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Cold weather lets Dry Hill make snow, keep season alive

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Dry Hill Ski Area’s snow cannons are running full bore this week, pumping massive quantities of powder onto the slopes in an effort to see the season through to its spring conclusion.

Timothy L. McAtee, the mini-resort’s owner, is spending thousands of dollars a day to get the base layer just right while the cold weather and low humidity provide ideal conditions for snow making.

Mr. McAtee said he would prefer 5 inches of man-made snow over 2 feet of natural snow because artificial snow is better for the base.

That calculation doesn’t account for the sentimental effect the real stuff has on area residents, though.

Mr. McAtee said it is hard for people to comprehend that even when the rest of Jefferson County is without snow, if the temperature is right, Dry Hill is covered.

It is a quirk in logic that cost the facility a pretty penny last year when it incurred the same expenses from artificial snow making but lost revenue because of the lack of natural snow to whet appetites for wintry sports.

The area on County Route 67 in the town of Watertown offers skiing, snowboarding and tubing and expects to be open through March 15.

Mr. McAtee said snowboarding was the most popular offering a few years ago, until changes in technology brought about a resurgence of interest in skiing. Now there are more people taking ski lessons than ever before.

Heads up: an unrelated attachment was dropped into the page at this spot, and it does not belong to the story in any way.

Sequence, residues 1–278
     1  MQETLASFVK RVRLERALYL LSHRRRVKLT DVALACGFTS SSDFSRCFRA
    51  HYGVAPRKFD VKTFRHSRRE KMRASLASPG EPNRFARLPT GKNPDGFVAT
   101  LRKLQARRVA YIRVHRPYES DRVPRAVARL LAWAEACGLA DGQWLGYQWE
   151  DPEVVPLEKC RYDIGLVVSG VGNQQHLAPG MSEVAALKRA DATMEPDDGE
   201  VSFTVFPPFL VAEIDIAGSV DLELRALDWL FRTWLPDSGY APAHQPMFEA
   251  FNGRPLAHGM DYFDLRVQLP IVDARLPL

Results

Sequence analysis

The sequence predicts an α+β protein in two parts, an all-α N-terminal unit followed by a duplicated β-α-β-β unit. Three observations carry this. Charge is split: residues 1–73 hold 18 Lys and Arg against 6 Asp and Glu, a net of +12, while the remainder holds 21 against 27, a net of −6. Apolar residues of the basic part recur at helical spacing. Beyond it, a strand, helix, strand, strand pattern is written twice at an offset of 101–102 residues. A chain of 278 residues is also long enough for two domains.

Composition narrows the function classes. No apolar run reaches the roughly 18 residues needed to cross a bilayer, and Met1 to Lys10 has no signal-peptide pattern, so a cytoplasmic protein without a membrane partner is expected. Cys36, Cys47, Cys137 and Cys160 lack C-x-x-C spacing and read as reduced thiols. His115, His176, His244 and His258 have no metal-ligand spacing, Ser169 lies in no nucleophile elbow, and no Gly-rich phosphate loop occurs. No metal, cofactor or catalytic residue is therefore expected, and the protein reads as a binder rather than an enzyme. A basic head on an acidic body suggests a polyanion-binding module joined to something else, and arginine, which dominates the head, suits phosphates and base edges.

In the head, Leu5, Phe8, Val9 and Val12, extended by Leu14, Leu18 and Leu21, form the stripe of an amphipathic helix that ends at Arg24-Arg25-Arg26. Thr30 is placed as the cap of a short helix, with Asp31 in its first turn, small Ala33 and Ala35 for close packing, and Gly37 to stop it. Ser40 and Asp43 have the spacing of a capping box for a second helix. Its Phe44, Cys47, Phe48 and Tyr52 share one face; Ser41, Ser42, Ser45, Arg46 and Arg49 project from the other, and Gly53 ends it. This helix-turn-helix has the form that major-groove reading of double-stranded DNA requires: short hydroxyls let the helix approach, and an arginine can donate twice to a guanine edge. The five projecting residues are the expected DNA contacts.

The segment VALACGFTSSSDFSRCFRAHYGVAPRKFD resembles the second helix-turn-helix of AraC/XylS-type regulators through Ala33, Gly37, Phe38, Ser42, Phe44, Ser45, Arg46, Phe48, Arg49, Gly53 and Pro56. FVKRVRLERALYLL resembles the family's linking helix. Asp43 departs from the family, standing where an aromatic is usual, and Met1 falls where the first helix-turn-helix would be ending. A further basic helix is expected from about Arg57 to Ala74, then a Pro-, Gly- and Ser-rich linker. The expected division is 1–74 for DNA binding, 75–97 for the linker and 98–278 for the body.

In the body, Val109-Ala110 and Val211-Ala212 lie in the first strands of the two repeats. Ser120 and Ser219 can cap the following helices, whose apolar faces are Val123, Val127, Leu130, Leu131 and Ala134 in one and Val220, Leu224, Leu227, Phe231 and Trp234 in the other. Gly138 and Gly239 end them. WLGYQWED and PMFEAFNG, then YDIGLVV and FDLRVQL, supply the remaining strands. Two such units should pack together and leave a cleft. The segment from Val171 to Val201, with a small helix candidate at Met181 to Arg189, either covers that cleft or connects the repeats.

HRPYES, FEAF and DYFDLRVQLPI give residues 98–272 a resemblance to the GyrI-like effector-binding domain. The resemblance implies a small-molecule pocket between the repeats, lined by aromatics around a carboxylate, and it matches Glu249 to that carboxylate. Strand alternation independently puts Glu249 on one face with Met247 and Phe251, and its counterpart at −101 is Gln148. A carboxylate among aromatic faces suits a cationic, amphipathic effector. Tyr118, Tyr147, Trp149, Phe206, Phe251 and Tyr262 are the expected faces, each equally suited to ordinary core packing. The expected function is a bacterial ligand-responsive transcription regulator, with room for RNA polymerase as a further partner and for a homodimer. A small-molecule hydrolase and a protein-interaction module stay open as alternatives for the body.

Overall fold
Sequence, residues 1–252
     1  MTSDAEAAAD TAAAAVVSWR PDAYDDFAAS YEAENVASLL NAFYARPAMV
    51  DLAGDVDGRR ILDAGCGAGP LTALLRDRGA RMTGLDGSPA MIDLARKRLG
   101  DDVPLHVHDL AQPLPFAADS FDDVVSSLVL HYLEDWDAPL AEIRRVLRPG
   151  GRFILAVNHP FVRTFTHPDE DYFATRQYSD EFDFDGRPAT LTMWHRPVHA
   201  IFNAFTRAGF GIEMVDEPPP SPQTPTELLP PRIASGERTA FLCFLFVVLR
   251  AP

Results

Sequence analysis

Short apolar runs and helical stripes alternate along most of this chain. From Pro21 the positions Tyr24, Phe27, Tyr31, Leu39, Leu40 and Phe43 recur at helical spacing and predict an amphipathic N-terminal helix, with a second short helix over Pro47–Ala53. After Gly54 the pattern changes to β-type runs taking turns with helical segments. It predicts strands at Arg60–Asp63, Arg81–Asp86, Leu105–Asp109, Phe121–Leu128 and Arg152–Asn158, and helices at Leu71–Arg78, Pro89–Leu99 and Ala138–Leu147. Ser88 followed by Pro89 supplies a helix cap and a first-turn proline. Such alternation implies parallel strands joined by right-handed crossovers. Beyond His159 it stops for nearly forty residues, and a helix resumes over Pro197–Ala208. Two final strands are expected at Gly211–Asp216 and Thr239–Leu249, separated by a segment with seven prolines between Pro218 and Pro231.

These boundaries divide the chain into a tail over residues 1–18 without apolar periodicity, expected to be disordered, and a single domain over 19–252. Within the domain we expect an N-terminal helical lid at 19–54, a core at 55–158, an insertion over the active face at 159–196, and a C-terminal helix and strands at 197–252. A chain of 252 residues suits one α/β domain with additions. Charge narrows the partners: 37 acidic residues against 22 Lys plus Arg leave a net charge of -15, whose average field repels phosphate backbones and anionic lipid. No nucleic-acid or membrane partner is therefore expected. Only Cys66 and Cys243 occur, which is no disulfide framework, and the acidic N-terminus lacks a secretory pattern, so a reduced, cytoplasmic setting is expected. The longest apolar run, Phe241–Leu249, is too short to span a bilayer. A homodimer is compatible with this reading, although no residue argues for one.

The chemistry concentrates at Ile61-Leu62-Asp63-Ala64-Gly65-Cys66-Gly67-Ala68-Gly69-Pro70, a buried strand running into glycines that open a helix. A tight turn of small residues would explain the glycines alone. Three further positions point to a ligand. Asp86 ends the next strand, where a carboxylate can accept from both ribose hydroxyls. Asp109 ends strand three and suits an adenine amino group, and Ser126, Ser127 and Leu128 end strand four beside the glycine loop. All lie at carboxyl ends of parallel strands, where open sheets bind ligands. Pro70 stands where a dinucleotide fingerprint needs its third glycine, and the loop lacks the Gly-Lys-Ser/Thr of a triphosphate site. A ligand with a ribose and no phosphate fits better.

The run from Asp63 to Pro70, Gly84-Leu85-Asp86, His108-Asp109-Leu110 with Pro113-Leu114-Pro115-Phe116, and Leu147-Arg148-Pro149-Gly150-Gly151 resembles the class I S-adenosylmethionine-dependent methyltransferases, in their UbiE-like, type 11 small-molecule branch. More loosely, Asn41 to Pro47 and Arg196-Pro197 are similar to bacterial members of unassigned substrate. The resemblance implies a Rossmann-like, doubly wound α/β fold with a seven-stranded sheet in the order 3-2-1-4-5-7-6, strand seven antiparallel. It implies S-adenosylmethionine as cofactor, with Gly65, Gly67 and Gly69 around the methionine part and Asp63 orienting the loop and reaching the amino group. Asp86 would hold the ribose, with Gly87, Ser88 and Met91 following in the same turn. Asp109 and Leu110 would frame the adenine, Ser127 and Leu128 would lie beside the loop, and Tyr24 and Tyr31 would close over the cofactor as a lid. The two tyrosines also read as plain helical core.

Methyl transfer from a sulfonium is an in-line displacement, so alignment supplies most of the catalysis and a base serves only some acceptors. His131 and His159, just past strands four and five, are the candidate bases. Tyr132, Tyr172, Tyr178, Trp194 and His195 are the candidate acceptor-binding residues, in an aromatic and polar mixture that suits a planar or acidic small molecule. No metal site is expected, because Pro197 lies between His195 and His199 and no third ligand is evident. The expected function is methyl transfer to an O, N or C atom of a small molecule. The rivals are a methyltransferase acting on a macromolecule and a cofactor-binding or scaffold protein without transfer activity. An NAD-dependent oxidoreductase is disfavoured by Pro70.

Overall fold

And then there’s tubing: a good remedy for cabin fever requiring almost no skill or equipment.

“We provide the tube, the lift and the hill,” Mr. McAtee said.

According to Mr. McAtee, there are so many ways to find out if the area is open, such as checking out the website or simply driving by the place, that it’s easy enough to tell if there’s snow on the ground and whether a trip is in order.

“There aren’t too many communities with a ski area so close,” he said.

Mr. McAtee said the area had a decent Christmas, but the recent warm weather put a damper on the season. The area had to close Sunday because the winds were too high to run the ski lifts.

By keeping the snow cannons running all week, Mr. McAtee said, he hopes to salvage the season by laying down a good base layer that will make it through at least two more thaws before residents start to turn their minds to spring sports.

Skiing came to the site years ago when a farmer hauled skiers up the hill behind his tractor. In the 1950s, Hall Ski-Lift Co., Watertown, built the lifts that now ferry riders to the top of the run.

The name itself has an altogether different genesis. According to Mr. McAtee, during prohibition, a liquor distillery was located on the hill until it was destroyed by law enforcement officials, who then christened it “Dry Hill.”

The fact that Dry Hill overlooks Watertown makes it even more ironic, Mr. McAtee said.

He said he has contemplated changing the name but eventually decided against it. It’s just too popular with customers.

Dry Hill is open from 5 to 10 p.m. Wednesday and Thursday, noon to 10 p.m. Friday, 10 a.m. to 10 p.m. Saturday and 10 a.m. to 5 p.m. Sunday. Lift tickets are only $15 from 5 to 10 p.m. Wednesday through Saturday.

A $2 discount on lift tickets is available for active-duty military members and their families. For more information, go to skidryhill.com.

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